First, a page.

Every Choice I Make Is Dictated By AS
Something that able-bodied people often forget, I think, is that disabilities are ever-present. Even on the “good” days when I’m acting “normal,” AS is at the front of my mind. Even when I’m not talking about AS or groaning in pain, it’s there.
It's always a consideration
No matter what context or conversation I’m in, I must consider AS. I must plan and execute every part of my day based on pain, medication, and other AS-related factors. It’s like having a broken arm for the rest of your life. Imagine going about your usual activities with a broken arm; every part of your day would be affected, from sleeping to working to socializing.
As soon as a thought crossed your mind, like “I should go to the gym today!”, it would be immediately interrupted by, “Oh, right, I have a broken arm.” You would be hyper-cognisant of the limitations imposed by your broken arm. AS is the invisible broken bone that dictates my life. I want to live each day without limitations, but then I remember, “Oh, right, I have AS.” It is mentally exhausting and unrecognized by those who cannot see my pain.
It affects every part of my day
I wake up every morning and my first thought is usually “Ow, that hurts.” I take a mental survey of what hurts the most and how bad it is, so I can try to get out of bed in the most painless way possible. Next, I have to eat breakfast right away so I can take my NSAID medication that must be taken with food. As a student, I head to the library to study.
Before boarding the bus, I have to decide if I will board a busy bus that I will have to stand on, or wait for an emptier bus to come along so I can have a seat. When I get to the library, I choose where to sit based on which chair is most firm. While I study, I must decide how long I can study for based on how bad my pain is. When I work out, I have to be very conscious of choosing exercises that will not worsen my pain.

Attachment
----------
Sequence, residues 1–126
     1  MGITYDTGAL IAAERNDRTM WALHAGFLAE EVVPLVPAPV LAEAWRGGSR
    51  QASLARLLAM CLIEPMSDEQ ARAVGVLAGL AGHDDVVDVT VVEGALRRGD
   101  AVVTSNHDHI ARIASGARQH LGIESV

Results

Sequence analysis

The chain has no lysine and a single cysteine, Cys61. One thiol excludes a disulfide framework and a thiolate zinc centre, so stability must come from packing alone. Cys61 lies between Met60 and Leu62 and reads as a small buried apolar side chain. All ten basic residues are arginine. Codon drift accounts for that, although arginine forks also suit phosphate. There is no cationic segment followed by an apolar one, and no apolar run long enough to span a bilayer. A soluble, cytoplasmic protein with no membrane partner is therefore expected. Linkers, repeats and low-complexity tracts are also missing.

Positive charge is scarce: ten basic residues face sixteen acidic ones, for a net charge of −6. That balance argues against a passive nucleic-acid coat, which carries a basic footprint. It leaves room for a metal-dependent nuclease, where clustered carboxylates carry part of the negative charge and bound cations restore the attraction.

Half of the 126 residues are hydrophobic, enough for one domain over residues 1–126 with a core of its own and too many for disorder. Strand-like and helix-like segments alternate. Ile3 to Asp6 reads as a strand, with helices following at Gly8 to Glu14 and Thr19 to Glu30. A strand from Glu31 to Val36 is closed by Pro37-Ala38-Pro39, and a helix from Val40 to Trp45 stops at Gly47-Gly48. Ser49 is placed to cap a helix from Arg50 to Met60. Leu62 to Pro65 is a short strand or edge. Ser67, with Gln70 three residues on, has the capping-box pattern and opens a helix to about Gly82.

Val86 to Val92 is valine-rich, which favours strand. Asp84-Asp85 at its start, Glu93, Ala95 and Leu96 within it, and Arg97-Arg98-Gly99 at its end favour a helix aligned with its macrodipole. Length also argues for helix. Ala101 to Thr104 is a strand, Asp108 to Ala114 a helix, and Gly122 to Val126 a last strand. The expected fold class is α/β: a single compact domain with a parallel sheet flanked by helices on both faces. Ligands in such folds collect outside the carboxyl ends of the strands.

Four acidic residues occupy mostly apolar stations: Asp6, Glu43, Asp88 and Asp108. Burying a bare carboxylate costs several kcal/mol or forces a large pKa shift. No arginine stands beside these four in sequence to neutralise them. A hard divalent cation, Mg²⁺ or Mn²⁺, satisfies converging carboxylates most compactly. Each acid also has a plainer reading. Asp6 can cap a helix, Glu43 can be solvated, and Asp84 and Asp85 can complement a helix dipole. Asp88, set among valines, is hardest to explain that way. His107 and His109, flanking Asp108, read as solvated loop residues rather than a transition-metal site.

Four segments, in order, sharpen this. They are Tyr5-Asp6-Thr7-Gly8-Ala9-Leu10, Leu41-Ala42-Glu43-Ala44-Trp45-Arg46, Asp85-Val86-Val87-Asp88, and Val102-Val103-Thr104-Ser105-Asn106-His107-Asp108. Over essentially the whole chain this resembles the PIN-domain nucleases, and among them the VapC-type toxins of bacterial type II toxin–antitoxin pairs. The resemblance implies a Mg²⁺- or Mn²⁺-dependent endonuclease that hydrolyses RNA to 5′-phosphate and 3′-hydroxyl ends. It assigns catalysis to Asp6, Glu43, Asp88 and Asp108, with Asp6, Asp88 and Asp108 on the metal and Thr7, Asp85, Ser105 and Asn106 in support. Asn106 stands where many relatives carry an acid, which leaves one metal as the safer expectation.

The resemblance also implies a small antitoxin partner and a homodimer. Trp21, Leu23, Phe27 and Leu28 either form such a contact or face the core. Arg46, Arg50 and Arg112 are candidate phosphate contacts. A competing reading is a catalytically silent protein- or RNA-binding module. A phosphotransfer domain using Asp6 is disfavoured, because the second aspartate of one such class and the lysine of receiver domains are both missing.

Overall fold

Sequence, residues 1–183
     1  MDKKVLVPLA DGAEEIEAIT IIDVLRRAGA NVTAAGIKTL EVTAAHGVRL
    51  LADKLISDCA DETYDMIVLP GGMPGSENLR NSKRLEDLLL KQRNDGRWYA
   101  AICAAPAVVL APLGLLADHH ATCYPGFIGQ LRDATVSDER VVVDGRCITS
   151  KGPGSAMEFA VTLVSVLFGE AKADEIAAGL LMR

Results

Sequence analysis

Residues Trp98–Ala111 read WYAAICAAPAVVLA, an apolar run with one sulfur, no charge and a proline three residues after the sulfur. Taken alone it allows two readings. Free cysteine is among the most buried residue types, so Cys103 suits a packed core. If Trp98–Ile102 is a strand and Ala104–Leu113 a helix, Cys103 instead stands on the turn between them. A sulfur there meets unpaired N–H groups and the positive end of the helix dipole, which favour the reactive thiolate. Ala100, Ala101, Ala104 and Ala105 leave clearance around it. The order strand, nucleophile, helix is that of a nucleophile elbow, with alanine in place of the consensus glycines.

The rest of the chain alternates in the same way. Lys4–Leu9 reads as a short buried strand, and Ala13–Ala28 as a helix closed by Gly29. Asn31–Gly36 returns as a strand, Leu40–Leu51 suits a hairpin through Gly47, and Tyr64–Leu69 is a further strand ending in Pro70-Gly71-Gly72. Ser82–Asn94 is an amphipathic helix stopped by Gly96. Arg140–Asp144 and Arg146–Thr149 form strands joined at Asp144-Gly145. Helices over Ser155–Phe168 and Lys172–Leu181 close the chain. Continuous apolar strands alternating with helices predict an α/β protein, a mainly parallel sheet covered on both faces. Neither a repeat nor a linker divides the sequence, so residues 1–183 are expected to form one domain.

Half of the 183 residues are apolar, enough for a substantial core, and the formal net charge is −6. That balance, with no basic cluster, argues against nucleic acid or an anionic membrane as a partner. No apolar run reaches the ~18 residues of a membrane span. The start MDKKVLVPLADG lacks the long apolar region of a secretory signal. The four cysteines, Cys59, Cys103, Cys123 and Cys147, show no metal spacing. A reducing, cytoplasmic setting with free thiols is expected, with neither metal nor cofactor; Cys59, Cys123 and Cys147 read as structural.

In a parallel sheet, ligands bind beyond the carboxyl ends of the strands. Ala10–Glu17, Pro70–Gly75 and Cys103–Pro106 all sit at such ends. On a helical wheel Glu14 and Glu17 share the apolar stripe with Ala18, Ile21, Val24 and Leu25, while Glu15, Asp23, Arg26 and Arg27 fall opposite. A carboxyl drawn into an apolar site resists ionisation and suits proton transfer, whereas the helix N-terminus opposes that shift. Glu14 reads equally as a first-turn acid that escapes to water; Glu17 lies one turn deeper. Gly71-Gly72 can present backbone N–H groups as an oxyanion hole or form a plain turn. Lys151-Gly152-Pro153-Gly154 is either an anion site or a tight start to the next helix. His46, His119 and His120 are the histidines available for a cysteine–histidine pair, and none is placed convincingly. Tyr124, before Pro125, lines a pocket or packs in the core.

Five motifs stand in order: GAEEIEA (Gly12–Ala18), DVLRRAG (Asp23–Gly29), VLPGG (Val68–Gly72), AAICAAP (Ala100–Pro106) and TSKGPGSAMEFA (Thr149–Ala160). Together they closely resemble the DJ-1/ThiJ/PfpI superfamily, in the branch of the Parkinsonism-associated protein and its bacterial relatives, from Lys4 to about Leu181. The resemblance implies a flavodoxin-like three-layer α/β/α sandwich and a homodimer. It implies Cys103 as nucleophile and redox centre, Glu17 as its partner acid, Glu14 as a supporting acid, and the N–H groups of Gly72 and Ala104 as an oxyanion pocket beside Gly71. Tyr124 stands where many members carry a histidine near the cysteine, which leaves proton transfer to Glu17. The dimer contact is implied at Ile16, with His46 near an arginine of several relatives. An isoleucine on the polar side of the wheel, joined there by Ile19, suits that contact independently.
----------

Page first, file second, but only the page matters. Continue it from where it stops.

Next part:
Later, when hanging out with friends, I can’t agree to any plans that involve a lot of standing or walking. When I go to bed at night, I have to think about what position I will fall asleep in to make sure it won’t be too painful to get up the next morning. Although I live a relatively normal life, AS is there. It’s always there. Every decision, big or small, is affected by AS in some way. It is cognitively draining.
I just want people to be aware
I’m not expressing this for pity or because I think any changes need to be made. I just want the people in my life to be aware. I want my friends to know why I might seem uncomfortable making plans to hang out, I want my family to understand why I’m hesitant about long car rides, and I want everyone to understand why I move throughout the world with a level of caution that I didn’t before. Acquiring a disability isn’t something that happened on the day I was diagnosed and then retreated into the shadows. It is something that clouds my entire life, affecting big decisions like career choices and small decisions like which chair to sit on. This is the mentally difficult side of having a chronic illness — every day is a fight to find peace while AS provokes chaos.
I am learning how to cope and adjusting well to this new, chronically ill life. I wish I could make day-to-day choices with the freedom that I used to, but I don’t have that luxury anymore. Ankylosing spondylitis adds a new layer of complexity to everything. I make choices based on what is best for my pain and my health, in attempt to control everything I can while living with an uncontrollable disease.
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